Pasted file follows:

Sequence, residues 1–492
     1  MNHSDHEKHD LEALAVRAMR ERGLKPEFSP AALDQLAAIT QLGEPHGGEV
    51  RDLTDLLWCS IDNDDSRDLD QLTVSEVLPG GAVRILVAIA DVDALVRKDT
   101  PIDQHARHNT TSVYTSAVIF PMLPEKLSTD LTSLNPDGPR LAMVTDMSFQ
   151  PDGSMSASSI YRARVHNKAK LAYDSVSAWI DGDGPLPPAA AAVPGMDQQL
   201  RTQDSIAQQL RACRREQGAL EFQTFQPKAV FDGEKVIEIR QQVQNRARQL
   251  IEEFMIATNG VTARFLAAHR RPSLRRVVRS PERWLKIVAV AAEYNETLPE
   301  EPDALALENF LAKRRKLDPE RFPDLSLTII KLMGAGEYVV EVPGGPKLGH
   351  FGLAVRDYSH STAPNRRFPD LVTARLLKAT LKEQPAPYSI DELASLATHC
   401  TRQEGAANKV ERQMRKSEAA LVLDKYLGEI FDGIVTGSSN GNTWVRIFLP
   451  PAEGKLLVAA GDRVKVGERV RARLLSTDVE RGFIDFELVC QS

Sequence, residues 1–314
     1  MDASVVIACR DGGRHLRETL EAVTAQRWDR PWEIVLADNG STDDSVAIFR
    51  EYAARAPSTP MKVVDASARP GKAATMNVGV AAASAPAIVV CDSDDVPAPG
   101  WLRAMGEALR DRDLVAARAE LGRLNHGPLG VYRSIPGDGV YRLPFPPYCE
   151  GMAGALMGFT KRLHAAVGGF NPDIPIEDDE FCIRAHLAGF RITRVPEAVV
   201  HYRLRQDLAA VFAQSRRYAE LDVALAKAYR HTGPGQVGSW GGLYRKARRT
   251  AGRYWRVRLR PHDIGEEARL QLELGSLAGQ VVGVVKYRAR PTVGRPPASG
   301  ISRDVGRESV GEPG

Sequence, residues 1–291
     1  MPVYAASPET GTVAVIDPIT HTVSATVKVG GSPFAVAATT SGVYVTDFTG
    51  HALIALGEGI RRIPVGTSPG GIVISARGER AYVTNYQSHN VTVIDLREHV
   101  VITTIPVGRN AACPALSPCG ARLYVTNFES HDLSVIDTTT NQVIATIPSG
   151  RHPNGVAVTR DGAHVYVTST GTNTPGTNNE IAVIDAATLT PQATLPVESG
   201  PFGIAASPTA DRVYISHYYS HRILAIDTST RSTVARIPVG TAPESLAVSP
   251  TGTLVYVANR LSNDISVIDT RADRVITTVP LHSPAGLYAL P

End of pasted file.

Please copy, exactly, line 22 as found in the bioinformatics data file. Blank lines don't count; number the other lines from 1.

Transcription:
    51  HALIALGEGI RRIPVGTSPG GIVISARGER AYVTNYQSHN VTVIDLREHV